Author Topic: seeking best route from west coast to east coast this summer  (Read 754 times)

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Offline swimmer12

I am seeking advice on the best route from anywhere on the west coast to anywhere on the east coast with the least amount of car traffic. I will be leaving this summer. Any book suggestions on this topic?

Offline John Nettles

Re: seeking best route from west coast to east coast this summer
« Reply #1 on: May 18, 2020, 01:12:06 pm »
Swimmer,
First, welcome to the ACA forums.

To answer your question, you need to provide a bit more info, i.e. do you mean least amount of traffic as in the peak number, average number (peak could be high but the average is lower), or what.  Are you camping, hoteling, eating out, cooking, etc. What miles do you plan to do per day?  What is your time frame, start and end dates?

Once you provide that, we can provide you with a much better answer. 

Tailwinds, John



Offline staehpj1

Re: seeking best route from west coast to east coast this summer
« Reply #2 on: May 19, 2020, 06:37:47 am »
I find it hard to answer that.  I have ridden the Southern Tier and the Trans America and driven portions of other possible routes.  The parts of my tours that I'd call "best" generally all involved putting up with a good bit of traffic.  Avoiding traffic would mean avoiding a lot of great places including many highlights of the trip.  Would you want to avoid places like Yellowstone, Glacier, or Yosemite National Parks if passing anywhere near them?

If riding across the country without encountering traffic was the primary goal I think that might most easily be accomplished paralleling the Southern Tier Route, not sure though.  If you managed to pick such a route it would most likely be exceedingly boring, since the ST already pretty much is scenery wise.  Also I wouldn't want to ride it in the Summer (I started on the west coast in mid February, which i found to be a good time).  I remember there being a lot of empty roads, but there were times when the only choice was the shoulder of the interstate for a while.

The middle of the country might be an option.  Crossing the plains with very little traffic should be easy.  I have crossed Kansas a couple times and it was okay, but Nebraska looks interesting.

Where there might be a problem is that regardless of where you choose to cross the mountains there are a limited number of roads and they generally have some traffic.  In the East you might be able to use the GAP and C&O Tow Path.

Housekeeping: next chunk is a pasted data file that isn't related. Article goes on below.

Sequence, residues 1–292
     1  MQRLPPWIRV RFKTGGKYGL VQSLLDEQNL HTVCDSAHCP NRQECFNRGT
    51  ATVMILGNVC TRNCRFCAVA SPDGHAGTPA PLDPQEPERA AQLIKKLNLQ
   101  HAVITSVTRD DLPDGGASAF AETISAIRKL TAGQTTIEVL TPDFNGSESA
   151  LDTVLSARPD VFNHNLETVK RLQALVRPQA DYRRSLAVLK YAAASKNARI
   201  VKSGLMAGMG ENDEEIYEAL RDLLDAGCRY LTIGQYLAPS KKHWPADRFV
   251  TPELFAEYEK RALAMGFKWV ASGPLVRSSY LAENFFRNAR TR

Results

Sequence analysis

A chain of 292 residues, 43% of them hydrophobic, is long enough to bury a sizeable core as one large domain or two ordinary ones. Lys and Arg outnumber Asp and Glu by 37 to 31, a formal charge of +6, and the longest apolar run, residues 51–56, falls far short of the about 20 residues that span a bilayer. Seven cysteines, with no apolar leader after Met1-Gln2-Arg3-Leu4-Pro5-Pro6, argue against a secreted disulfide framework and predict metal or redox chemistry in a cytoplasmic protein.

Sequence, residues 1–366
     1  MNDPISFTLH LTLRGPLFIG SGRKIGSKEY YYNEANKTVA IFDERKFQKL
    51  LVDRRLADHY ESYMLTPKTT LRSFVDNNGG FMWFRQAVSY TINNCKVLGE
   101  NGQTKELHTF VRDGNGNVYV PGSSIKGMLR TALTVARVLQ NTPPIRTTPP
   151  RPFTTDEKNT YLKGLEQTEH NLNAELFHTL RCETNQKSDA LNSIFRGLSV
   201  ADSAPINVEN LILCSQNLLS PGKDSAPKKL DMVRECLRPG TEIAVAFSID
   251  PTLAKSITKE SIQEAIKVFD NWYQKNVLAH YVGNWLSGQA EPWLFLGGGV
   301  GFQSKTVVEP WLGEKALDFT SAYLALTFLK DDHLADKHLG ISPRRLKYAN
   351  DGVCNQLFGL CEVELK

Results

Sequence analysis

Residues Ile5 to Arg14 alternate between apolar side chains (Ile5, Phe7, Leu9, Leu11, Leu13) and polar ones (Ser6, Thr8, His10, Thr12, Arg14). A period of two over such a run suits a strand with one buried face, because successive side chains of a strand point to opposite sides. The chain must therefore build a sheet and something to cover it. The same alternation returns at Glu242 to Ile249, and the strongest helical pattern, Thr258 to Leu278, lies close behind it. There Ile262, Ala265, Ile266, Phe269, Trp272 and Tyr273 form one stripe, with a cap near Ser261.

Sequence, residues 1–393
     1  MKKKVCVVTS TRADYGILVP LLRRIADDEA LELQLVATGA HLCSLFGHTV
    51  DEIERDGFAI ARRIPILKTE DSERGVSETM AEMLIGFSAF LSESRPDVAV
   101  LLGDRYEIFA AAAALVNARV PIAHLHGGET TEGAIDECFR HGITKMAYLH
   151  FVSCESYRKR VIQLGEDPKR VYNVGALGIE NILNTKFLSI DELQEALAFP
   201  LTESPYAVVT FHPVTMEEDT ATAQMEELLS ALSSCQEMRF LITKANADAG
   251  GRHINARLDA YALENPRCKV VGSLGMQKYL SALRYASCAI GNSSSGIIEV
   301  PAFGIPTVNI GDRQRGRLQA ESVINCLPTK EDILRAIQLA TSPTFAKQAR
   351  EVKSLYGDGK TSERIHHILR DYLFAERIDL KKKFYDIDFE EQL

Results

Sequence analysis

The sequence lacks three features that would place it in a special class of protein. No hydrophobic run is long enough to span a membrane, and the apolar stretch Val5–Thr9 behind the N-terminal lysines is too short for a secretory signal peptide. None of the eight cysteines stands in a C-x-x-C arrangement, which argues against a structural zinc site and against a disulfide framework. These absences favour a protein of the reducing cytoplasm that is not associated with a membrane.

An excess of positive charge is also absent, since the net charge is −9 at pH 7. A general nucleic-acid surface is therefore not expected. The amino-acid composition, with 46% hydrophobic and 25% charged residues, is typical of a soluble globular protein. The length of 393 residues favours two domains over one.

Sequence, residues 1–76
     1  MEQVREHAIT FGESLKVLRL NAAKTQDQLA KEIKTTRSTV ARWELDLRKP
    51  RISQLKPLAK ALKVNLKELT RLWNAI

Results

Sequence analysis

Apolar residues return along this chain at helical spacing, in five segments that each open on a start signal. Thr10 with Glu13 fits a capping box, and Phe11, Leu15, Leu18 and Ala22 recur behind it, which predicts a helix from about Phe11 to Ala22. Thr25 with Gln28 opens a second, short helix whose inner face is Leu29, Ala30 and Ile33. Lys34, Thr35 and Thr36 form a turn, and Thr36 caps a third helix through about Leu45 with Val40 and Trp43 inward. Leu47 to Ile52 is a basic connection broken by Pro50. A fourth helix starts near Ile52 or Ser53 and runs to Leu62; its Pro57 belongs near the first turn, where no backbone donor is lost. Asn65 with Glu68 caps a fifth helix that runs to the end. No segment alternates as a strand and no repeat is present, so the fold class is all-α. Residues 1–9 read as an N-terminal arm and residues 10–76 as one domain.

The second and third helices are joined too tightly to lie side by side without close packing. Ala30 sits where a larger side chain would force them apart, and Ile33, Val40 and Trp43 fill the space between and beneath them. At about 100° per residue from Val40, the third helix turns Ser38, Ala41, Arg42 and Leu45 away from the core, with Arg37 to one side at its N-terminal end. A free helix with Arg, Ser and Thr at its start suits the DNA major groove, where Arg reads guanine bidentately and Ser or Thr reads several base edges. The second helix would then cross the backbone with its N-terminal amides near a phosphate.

Personally I'd rather put up with some traffic.  If I wasn't traffic tolerant I'd go backpacking or dirt/off road touring.

Offline John Nelson

Re: seeking best route from west coast to east coast this summer
« Reply #3 on: May 19, 2020, 10:29:48 am »
The TransAm route is the best.

Offline staehpj1

Re: seeking best route from west coast to east coast this summer
« Reply #4 on: May 19, 2020, 10:43:39 am »
The TransAm route is the best.
It is my favorite too.  A great sampling of what the US has to offer.  The tradition of Bikecentennial.  The rite of passage aspect of it.  Comraderie of meeting other riders doing the same route.  It really has a lot to offer.

I just am not sure how to answer when the question is about the least car traffic.   Personally I don't consider traffic to be that important of a factor so it makes it hard for me to answer the question when that is prioritized.  Do you think the TA is particularly good in that respect compared to other routes?

Offline John Nettles

Re: seeking best route from west coast to east coast this summer
« Reply #5 on: May 19, 2020, 10:51:18 am »
Do you think the TA is particularly good in that respect compared to other routes?


I think the TA is better than most when it comes to traffic but not the best.  Probably the Lewis & Clark (L&C) then the TA east of St. Louis would be lower traffic. As you know, each route has segments that are busy and others that have hardly any traffic, i.e. I literally laid down in the middle of the highway on the ST in Arizona in one place, but that could be done in dozens of places on most routes.